Studies show habits and patterns begin as young as birth. Children learn by watching their parents and if parents play keep away from family, the children are alienated and learn how to stay away instead of coming up with solutions to keep family ties together.
Adults of Parent Alienation APA learn how to play keep away. They learn to find reasons to push people away or find reasons to stop belonging. Judging and fearful or being judged instead of simply loving.
If these children are left without examples of life as it could be, they would only know a way of competition and manipulation.
Relationships should have depth that include good days and bad days. Ups and downs are normal. Learning to love regardless of challenges, unconditional love.
Relationships could be made where families are not in limbo, but come up with creative solutions to finalize differences.
APA learn to ignore or only understand people who think alike instead of appreciating people regardless of their differences.
Families are made up of all sorts of uniqueness where no one is exactly the same. The world is made up of differences.
APA as children were taught to separate and segregate depending on what they believe as not good enough. In reality, it’s only different not incorrect.
This false sense of irrational judgment blurs reality and how to create boundaries where intuition is second guessed. This could challenge their real judgement where they end up giving up too quickly or not quick enough.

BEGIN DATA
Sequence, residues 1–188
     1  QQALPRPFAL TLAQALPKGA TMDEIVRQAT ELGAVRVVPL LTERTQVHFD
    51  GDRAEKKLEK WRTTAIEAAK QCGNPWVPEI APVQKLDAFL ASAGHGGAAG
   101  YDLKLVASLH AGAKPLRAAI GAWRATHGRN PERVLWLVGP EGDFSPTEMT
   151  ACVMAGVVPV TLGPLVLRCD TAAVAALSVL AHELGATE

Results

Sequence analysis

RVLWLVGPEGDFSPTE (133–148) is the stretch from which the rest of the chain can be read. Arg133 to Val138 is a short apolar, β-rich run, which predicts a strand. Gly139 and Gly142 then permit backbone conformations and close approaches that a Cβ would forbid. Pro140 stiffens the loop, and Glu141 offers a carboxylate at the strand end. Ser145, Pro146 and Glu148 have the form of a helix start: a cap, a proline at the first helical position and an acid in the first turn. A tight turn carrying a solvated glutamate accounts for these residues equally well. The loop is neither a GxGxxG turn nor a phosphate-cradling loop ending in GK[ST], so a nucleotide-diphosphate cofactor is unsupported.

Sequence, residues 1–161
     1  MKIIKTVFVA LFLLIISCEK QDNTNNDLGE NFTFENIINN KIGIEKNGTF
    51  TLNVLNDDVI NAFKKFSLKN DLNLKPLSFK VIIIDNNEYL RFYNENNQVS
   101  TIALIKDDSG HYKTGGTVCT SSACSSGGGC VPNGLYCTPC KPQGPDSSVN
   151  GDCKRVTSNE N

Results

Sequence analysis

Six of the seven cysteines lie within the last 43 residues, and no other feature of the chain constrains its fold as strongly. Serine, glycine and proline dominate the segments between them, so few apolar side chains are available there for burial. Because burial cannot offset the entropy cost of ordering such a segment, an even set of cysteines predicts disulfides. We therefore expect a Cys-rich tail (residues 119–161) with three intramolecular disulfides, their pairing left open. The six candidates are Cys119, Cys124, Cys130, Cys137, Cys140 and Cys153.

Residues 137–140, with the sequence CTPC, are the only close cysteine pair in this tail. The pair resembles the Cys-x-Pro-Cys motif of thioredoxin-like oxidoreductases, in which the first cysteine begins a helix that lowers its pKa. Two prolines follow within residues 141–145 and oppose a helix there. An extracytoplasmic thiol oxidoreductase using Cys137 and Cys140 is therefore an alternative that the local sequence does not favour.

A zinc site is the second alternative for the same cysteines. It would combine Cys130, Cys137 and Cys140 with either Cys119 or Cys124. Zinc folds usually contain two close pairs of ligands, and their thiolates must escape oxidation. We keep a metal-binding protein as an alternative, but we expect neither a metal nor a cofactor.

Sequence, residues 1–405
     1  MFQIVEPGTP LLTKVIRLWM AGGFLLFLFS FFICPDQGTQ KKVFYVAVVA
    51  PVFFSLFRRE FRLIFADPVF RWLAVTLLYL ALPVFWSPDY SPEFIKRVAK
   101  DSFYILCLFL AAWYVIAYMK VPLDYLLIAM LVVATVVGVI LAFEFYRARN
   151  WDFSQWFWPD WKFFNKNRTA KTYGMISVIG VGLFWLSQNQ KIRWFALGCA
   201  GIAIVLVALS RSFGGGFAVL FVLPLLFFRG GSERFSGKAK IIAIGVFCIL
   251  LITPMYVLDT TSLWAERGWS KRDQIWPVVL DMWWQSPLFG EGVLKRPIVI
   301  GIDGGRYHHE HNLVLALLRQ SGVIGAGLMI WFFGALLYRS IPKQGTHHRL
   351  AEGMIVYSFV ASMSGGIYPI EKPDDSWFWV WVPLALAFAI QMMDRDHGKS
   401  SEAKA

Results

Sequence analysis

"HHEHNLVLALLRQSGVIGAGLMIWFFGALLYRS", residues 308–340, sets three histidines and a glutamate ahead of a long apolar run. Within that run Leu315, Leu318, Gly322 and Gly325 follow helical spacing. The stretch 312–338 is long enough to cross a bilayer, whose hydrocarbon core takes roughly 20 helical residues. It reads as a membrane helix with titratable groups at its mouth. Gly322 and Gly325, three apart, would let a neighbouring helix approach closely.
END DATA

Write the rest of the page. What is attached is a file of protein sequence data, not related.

The largest issue is that they can learn to follow in the footsteps of their alienating parent and the circle repeats itself.
Know that this alienation includes other symptoms of bribing to do what you want them to do or even nagging to behave a certain way.
Children in this case should be allowed to make decisions on their own and try new things and meet new people. They should have practice making their own decisions and become independent thinkers, not feeling as if they need to always look to their parents for approval. Without this practice, children will only trust their parents and not their spouse, if not given the chance to do otherwise.
Genesis 2:24 ESV says, “Therefore a man shall leave his father and his mother and hold fast to his wife, and they shall become one flesh.”
If you know you are facing an alienator or a spouse who only trusts their parents, your best option is to discuss the opposite with your children and include others in making decisions.
Let your children see how it can be done. Monkey see monkey do is your strongest weapon.
During this time you have the opportunity to show your children how mistakes can happen when working with others. Things may not always go as planned with group efforts. This allows them to see consequences and that everything is ok even when you let go of total control.
As for the APA, practice not secluding yourself and others. Enjoy life and anyone you find to be in it using healthy boundaries.